After a decade of applying measures to reduce the presence of greenhouse gases in the atmosphere, introducing renewable energy sources and encouraging energy efficiency, the level of carbon dioxide emissions is still increasing. Environmentalists are concerned that we might not be able to keep the global temperature increase under two degrees. Under pressure from the public and industrial lobbies politicians accept compromises that bring problem-solving efforts to a standstill. And at every downpour, people become extremely frightened because it is said that worse is yet to come.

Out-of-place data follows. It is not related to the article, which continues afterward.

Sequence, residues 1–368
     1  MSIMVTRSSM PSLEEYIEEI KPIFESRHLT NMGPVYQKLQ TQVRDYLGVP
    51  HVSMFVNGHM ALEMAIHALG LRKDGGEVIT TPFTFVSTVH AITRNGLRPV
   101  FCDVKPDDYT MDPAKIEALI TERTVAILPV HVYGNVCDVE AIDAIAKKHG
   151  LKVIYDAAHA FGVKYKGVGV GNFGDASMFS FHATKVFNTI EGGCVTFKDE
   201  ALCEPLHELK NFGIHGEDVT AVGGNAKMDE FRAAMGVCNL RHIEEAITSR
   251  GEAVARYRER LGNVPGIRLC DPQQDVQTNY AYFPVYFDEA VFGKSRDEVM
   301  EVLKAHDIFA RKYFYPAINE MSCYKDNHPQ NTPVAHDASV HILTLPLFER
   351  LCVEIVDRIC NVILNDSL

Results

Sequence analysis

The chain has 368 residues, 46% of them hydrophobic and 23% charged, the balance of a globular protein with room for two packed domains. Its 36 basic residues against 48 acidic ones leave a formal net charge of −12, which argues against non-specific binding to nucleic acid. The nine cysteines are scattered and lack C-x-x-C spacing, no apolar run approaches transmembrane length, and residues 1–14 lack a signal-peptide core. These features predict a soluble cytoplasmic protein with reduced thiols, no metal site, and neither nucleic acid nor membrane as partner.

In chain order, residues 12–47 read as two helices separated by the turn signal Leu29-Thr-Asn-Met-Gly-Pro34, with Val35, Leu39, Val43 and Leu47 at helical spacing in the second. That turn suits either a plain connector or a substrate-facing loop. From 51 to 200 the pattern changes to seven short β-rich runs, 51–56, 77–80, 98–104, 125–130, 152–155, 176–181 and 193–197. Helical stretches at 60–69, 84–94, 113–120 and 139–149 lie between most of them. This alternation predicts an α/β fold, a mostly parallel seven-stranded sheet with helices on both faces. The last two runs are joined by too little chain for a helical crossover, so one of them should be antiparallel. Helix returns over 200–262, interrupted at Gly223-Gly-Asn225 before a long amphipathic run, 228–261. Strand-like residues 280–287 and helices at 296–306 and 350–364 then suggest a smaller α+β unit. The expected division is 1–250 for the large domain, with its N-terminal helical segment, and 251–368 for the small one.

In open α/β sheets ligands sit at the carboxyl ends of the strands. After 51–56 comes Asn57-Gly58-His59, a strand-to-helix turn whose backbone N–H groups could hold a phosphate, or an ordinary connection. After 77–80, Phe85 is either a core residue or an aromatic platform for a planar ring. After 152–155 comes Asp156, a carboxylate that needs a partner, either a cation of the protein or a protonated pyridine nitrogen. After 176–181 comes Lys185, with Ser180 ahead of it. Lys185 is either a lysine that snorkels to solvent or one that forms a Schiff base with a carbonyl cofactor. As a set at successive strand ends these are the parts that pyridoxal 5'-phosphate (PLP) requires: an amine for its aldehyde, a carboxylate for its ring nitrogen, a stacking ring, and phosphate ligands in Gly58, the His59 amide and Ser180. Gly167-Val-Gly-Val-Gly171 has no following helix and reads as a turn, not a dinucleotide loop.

In the European Union, climate change is discussed in all areas, but despite the fact that this topic will be a priority for a number of years, there is no particular department dedicated solely to this issue. In the new European Commission, two interdisciplinary related fields (energy and climate change) were merged into one in order to facilitate logistics and in the hope of reducing disagreement. But its stated priorities are not approved by everybody, including the Green 10, a group of the leading European nongovernmental environmental organisations, who wrote a letter to Jean-Claude Juncker criticising the new European Commission structure, which does not comply with Europe’s obligations to fight climate change. They are concerned about the fact that the priority of the new Commission will be the Energy Union. The definition of this is not yet completely clear, but it is likely that the vice-president of the European Commission for the Energy Union will also or in particular have to deal with the issue of climate change.